Contribution of hepatitis C virus to non-A, non-B fulminant hepatitis in Japan

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Abstract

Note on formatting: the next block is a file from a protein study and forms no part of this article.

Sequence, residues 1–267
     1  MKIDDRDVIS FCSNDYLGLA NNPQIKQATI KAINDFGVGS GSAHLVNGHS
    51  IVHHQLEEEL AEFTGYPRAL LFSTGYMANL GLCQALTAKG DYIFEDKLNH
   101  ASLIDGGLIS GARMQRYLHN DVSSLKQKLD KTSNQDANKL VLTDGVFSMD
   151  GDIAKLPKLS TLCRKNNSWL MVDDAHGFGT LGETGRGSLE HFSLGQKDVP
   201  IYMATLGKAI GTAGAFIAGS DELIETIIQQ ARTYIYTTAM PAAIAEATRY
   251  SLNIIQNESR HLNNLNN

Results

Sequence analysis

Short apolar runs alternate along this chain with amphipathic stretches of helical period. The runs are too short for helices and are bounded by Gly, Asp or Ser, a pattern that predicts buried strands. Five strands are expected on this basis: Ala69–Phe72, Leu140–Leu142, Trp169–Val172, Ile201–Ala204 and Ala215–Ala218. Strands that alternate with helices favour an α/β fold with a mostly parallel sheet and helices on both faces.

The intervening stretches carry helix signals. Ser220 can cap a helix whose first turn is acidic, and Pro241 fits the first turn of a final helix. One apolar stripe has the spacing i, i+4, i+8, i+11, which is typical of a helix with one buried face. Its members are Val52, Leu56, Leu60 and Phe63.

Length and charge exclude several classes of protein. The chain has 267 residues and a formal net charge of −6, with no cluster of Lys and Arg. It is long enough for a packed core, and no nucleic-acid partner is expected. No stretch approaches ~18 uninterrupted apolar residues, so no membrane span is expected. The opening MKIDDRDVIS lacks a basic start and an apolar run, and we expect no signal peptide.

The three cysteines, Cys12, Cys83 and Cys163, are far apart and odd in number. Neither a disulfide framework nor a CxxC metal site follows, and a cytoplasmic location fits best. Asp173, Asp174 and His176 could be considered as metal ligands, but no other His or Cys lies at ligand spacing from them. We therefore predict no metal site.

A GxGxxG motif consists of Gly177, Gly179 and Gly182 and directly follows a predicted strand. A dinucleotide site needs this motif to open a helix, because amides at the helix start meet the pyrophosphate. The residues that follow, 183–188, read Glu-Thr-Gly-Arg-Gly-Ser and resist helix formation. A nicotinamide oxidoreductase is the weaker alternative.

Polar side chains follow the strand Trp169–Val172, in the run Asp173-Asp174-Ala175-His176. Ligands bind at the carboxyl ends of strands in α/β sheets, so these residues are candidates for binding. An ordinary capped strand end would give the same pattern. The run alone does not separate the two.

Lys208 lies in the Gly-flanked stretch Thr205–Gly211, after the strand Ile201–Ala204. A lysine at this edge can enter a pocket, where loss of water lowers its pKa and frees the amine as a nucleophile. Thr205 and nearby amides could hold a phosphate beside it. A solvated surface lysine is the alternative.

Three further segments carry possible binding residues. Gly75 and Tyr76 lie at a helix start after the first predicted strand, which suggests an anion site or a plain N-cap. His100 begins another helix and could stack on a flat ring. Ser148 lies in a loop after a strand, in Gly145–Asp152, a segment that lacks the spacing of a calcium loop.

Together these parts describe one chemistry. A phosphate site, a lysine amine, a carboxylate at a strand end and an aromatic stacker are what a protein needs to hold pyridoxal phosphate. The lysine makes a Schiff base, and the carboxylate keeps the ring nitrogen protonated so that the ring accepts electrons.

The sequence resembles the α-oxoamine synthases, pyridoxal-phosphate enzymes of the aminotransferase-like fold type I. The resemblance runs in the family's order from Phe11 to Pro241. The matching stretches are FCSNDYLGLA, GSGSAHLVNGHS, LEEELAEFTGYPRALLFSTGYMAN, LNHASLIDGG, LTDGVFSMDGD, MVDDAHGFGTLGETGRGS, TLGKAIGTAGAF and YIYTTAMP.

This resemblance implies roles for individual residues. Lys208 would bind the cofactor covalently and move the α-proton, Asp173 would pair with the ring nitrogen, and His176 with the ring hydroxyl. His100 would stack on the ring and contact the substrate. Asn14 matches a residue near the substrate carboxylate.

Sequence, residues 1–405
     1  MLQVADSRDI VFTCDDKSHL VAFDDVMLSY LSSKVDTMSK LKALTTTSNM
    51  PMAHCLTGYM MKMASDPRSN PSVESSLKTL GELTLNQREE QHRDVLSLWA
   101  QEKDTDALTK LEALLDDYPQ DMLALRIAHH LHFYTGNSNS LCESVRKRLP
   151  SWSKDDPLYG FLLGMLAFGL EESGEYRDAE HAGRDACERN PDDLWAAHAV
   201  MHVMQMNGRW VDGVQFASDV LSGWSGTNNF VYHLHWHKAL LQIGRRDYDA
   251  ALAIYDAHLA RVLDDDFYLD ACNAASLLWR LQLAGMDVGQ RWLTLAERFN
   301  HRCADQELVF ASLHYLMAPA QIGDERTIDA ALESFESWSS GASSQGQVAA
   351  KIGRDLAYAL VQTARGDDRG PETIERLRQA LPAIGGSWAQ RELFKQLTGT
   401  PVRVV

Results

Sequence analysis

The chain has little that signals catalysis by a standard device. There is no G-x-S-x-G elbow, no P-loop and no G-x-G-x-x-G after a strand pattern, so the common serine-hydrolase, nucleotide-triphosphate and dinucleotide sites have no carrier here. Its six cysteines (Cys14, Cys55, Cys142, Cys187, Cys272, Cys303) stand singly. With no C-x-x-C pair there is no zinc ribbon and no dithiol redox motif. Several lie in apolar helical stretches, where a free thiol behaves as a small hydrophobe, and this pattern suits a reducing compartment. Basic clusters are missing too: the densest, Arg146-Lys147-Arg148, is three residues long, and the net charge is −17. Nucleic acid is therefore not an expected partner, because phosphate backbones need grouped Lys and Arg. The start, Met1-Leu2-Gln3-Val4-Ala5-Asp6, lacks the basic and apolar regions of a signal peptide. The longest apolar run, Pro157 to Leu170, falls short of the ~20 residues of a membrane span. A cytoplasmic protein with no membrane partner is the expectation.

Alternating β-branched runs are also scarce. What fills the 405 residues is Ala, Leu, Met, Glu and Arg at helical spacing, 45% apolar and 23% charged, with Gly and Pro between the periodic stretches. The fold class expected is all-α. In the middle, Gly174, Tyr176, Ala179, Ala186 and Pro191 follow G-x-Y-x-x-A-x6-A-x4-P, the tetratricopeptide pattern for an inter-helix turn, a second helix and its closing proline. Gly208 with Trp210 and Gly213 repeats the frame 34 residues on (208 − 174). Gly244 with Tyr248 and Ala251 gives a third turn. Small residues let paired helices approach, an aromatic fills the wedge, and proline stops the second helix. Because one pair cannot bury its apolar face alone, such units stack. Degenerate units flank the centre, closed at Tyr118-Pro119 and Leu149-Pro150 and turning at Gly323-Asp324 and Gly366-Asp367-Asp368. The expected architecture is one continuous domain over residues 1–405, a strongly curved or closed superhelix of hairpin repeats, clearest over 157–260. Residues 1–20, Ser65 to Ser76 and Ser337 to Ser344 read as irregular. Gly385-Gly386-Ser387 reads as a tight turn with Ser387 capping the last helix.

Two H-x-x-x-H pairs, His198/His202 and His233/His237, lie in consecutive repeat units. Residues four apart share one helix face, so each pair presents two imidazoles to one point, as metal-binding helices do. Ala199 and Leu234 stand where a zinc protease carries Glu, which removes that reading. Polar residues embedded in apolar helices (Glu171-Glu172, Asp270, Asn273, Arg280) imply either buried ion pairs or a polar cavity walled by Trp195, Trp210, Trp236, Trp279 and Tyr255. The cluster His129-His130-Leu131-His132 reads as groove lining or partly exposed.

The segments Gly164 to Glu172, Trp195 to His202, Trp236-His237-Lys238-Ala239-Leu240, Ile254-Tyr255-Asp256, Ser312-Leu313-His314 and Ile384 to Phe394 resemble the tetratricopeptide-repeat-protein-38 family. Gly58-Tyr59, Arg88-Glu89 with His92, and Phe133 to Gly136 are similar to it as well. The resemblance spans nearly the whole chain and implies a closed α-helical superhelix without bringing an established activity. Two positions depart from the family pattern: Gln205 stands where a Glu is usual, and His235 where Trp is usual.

To assess the contribution of hepatitis C virus to non-A, non-B fulminant hepatitis in Japan, we compared 10 major clinical features among 7 patients with type B fulminant hepatitis (type B group), 13 patients with non-A, non-B fulminant hepatitis with evidence of hepatitis C virus infection (type C group) and 10 patients without evidence of hepatitis C virus infection (NANB group). Duration from first symptom to coma and that from onset of jaundice to coma was significantly longer in the type C group (median = 39 and 25 days, respectively) and in the non-A, non-B group (median = 29 and 12 days, respectively) than in the type B group (median = 9 and 2 days, respectively) (p < 0.01). The maximum median AST level was significantly lower in the type C (1,689 U/L) and non-A, non-B groups (1,353 U/L) than in the type B group (5,780 U/L) (p < 0.05). Serum transaminase levels showed a single peak in six of seven of the type B patients, whereas they formed two or more peaks in all of the type C patients and in most of the non-A, non-B group (p < 0.05). Six of seven in the type B group, 6 of 13 in the type C group and 4 of 10 in the non-A, non-B group survived (p < 0.05). We found no significant difference in any of the 10 clinical features between the type C and non-A, non-B groups. Compared with type B fulminant hepatitis, type C and most cases of non-A, non-B fulminant hepatitis in Japan are, thus, characterized by slower and less severe but more persistent hepatocyte destruction. (HEPATOLOGY 1994;19:829–835.)

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